Former Bison stars staying fit for prosFARGO — They’re no longer college kids playing a game. Basketball is a business now for Ben Woodside and Andre Smith. This summer, they’re investing in their livelihood by reuniting with their old strength and conditioning trainer from North Dakota State.
By: Jeff Kolpack, The Dickinson Press
FARGO — They’re no longer college kids playing a game. Basketball is a business now for Ben Woodside and Andre Smith. This summer, they’re investing in their livelihood by reuniting with their old strength and conditioning trainer from North Dakota State.
Brad Nordstrom has been putting the two through the workout wringer. On Thursday, it didn’t take Woodside long before he was dripping perspiration like a leaky faucet.
“Now we’re having fun,” Nordstrom shouted to Woodside.
Smith took the morning off to rest a sore back. He’ll be playing for Krasnie Krilya Samara in Samara, Russia, next year — his sixth year in overseas pro ball since leaving NDSU in 2007. Woodside signed a contract Wednesday with Optimum TED Ankara, which plays in the top division in Turkey.
He played last year in the country of Georgia with BC Armia and spent the previous two years in France.
“Turkey is a great league with great teams,” Woodside said. “The competition compared to last year in Georgia will be a lot different and will be better for me.”
Both Woodside and Smith are 27 years old. That’s where Nordstrom and his Maximum Performance & Fitness facility in south Fargo factors in. Both players contacted him last winter saying they were looking for the optimal combination of offseason strength and agility.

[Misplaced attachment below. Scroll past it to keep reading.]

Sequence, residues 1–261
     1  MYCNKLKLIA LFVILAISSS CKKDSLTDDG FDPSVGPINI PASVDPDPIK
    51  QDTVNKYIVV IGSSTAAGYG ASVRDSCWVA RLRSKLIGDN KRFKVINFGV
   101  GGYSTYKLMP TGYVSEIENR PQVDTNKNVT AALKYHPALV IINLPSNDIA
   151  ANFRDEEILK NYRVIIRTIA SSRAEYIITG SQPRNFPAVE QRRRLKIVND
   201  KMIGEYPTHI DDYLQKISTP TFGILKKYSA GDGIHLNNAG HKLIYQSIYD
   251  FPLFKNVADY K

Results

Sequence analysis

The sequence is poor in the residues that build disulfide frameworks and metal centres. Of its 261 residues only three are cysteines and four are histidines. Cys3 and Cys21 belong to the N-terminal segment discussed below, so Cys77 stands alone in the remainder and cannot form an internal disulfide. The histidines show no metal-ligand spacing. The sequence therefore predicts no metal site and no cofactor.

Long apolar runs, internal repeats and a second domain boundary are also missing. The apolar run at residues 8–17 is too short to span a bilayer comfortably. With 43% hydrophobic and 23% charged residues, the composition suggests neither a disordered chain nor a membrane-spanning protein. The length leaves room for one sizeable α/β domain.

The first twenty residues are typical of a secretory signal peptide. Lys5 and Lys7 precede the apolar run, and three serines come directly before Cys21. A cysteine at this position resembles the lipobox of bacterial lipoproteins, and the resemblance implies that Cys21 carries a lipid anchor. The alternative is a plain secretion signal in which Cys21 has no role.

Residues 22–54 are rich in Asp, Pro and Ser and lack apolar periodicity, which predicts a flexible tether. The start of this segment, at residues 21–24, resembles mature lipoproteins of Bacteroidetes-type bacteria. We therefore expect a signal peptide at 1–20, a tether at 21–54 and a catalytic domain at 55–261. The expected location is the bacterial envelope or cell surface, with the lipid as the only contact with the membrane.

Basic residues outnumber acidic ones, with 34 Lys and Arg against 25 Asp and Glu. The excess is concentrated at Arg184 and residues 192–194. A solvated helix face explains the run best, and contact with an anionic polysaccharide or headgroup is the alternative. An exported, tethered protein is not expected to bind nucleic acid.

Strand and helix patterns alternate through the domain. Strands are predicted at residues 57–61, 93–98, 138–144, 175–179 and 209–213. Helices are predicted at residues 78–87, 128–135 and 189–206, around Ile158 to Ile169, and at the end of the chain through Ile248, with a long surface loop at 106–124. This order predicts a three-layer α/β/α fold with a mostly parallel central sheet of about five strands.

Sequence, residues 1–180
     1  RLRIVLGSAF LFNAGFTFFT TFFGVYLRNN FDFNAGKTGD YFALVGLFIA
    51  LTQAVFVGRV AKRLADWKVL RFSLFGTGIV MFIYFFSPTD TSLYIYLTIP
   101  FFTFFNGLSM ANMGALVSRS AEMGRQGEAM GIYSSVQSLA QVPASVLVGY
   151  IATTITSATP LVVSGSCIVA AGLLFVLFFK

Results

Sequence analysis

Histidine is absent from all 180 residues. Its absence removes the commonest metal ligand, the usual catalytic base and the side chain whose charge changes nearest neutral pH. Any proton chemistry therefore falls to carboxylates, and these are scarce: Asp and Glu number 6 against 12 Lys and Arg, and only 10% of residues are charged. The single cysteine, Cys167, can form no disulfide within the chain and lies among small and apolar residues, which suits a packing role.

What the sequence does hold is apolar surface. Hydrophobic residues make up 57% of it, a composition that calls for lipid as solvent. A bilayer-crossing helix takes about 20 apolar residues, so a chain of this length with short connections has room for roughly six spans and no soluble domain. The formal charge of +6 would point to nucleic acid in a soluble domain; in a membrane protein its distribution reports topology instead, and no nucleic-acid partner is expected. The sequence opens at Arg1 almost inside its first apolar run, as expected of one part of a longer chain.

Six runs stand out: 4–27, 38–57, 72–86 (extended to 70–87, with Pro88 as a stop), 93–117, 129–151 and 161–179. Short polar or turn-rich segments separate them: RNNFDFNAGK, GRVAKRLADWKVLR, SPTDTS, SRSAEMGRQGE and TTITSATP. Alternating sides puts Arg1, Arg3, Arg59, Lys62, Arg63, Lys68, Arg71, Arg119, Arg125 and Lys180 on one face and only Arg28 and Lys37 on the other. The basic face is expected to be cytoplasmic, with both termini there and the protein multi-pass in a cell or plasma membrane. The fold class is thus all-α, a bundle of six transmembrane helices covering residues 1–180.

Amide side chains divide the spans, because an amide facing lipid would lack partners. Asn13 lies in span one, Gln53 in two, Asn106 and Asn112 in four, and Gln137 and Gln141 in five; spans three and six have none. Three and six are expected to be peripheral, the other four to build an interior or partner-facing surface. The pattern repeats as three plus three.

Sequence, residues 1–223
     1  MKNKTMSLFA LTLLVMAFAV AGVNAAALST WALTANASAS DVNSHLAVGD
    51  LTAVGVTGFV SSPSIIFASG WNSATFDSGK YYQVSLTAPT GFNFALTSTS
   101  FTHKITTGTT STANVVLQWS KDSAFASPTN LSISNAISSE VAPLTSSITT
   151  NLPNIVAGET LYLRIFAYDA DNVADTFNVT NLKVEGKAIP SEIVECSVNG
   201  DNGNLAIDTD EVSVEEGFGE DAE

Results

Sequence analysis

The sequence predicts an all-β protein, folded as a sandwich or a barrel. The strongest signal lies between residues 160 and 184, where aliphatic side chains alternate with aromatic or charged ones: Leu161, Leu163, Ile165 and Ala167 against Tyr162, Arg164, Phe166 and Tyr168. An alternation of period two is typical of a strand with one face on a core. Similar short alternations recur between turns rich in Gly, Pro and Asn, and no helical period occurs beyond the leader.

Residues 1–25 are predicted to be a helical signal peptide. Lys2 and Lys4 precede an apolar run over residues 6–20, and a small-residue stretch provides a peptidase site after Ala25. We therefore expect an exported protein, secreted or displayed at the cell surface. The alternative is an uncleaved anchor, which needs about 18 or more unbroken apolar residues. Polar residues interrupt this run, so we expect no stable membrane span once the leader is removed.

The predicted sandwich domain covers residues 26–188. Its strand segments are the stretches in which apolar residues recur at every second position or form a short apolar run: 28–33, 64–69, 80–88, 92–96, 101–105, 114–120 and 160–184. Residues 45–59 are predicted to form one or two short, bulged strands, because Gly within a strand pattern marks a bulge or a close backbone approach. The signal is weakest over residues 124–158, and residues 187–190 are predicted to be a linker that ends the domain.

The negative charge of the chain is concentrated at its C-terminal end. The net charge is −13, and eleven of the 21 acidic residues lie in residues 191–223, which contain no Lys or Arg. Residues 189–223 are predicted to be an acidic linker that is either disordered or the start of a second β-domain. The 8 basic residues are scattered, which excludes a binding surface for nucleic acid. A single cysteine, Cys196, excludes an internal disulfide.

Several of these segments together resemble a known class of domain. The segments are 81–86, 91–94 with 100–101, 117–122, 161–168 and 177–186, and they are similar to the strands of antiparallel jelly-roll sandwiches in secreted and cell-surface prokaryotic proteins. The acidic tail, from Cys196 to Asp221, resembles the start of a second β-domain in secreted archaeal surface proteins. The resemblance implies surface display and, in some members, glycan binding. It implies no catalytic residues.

“It’s not like my first two years (in pro ball) where every day of the year I would come in for 8 a.m. practice, grab a ball and starting dunking no problem,” Smith said. “Now I have to warm up to do the warm up in March and April.”
The 6-foot-7 Smith was about 205 pounds when he left NDSU. He’s now around 250. The 5-11 Woodside made tremendous gains in strength in his five years at NDSU, but that slipped in Georgia, where weight training wasn’t a priority.
“When I first got here this summer, Brad looked at me and he wasn’t used to me being that skinny compared to college,” he said.
So Nordstrom had a three-phased workout plan that started with mostly strength training. Plus, unlike being a college trainer, he doesn’t have to deal with class schedules.
“So when they both come in here, it’s time to work,” he said. “These guys come in and they know what they’re trying to accomplish this summer and I know what I want them to accomplish. And we don’t have many outside distractions.”
It appears both are in Europe to stay. Smith was invited to the Golden State 18-man summer league roster and attended the mini camp in Oakland for two days. But he signed his deal with Russia at about that time so there was no reason to continue.
Woodside said he considered playing in the NBA summer league, but then he would also have to go through training camp to make a team.
“I would have to make those cuts,” he said. “But I think it’s a better fit to just focus on playing in Europe and trying to financially get the most I can in Europe. I love playing over there.”